Tuesday, January 31, 2012

Winter Activities 2012

Yes, that's a sprinkler on in the Conifer Garden north of the Visitor Center.  Our snow drought has meant a real drought now as rainfall has just been spits and drizzles too.  6 days in January 2012 have had a temperature above 60F! 

Cabbages and Lettuce at the end of January?  Almost unheard of for "up here" but with just a bit of cold damage and lows hovering around 10F in protected places, it is the new normal this year.
Even the Kale looks pretty darn gorgeous for the end of January.  Usually its a mush pile by now but many still have their gorgeous foliage colors as kale is generally hardy down to 10F.
This Prairie Rose (Rosa setigera) bush in the Heartland Harvest Garden's Apple Celebration Court shows us where the mockingbirds nested last summer.  The great songster on top of the greenhouse actually had 3 family broods in the roses around the apples last year and all 3 nests are now visible in the winter landscape.  Most songbirds build a new nest for each brood to avoid both predators and parasitic pests.
The bare trees and shrubs and the January thaw make it the ideal time to prune fruit and nut crops as you can see the branching structure well and your hands don't go numb!  HHG Horticulturist Matt Bunch is busy pruning our nice collection of Hazelnuts and Filberts (Corylus spp.).  Hazelnuts are one of our first shrubs to bloom in spring with very unique flowers: the female flowers look like tiny red spiders and the male flowers are dangling catkins that release pollen into the wind.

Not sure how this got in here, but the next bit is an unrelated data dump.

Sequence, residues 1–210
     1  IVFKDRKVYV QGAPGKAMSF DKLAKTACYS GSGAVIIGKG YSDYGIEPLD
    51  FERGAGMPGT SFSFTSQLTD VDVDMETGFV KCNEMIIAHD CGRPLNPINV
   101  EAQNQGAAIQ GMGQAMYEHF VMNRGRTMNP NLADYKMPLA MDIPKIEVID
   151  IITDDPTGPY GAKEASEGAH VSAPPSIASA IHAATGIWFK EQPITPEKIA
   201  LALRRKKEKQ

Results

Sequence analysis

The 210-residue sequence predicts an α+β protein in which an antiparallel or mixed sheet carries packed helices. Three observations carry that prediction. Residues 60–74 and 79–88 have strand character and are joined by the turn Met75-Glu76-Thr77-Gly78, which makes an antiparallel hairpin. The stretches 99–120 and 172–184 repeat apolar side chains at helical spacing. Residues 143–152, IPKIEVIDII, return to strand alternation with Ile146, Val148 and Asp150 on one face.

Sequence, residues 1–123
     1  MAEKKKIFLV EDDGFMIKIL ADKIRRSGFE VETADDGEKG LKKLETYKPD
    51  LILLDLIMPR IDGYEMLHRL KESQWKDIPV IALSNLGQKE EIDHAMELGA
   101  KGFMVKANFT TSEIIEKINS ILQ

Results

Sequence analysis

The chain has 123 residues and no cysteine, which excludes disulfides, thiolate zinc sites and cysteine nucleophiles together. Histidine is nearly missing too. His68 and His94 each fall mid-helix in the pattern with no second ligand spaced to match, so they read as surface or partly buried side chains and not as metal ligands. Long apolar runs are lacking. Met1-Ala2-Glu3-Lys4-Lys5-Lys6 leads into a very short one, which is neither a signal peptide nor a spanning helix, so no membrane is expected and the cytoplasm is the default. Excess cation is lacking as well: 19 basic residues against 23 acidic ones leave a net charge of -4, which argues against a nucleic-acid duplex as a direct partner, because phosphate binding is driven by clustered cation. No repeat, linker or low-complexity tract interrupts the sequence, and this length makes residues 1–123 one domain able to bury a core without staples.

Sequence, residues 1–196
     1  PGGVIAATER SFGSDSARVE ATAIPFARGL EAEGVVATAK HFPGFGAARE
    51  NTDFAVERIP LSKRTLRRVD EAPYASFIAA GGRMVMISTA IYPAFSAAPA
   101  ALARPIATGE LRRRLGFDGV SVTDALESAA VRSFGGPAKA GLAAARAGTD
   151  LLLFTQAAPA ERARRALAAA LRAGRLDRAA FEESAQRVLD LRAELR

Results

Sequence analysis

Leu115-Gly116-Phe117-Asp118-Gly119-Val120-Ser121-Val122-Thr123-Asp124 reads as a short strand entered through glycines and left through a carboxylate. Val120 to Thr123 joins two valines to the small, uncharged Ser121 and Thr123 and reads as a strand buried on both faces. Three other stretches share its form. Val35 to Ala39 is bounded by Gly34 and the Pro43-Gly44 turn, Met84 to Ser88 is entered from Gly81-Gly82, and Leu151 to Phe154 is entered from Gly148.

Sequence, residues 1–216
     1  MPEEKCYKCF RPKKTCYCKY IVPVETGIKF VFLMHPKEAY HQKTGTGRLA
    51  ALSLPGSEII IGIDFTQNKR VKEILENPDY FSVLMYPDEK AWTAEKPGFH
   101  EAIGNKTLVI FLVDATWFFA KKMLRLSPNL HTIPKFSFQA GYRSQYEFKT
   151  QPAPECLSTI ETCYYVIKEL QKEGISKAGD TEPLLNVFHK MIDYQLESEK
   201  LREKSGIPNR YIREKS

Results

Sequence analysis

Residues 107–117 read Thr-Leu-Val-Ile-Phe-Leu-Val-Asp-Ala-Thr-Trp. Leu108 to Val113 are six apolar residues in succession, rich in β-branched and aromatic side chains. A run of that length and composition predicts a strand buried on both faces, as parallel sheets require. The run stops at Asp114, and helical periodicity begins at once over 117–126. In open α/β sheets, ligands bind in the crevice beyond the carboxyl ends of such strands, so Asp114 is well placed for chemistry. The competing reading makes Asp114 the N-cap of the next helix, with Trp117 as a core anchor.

Heartland Harvest Garden Gardener Barbara Fetchenhier is busy pruning the peach trees.  The peaches in the Peach Plaza are really starting to show great form and the potential for a phenomenal crop of peaches.  We all are worried how the mild weather is affecting our fruit and nut crops but so far these plants are remaining dormant.  The dry weather has been a benefit and a warm, spring-like rain would not be a good thing now as it would force plants flower buds to emerge too early!
Oregon Grape-Holly (Mahonia aquifolium) shows beautiful red-purple winter foliage right now in the Menu Garden.  This evergreen shrub has beautiful and nectar-rich yellow flowers in early spring followed by blue, tart berries in summer that can be made into delicious preserves.  This shrub adds some variety to an edible landscape as a welcome evergreen.

The Encore(R) Azaleas are a new evergreen shrub added to the Powell Gardens landscape this year.  These repeat-flowering azaleas are gaining immense popularity.  I photographed our 10 hardy varieties now to voucher what their foliage looks like in winter and this is the cultivar 'Royalty' which has large, royal fuchsia flowers produced sporadically all summer and into fall (in addition to springtime bloom!).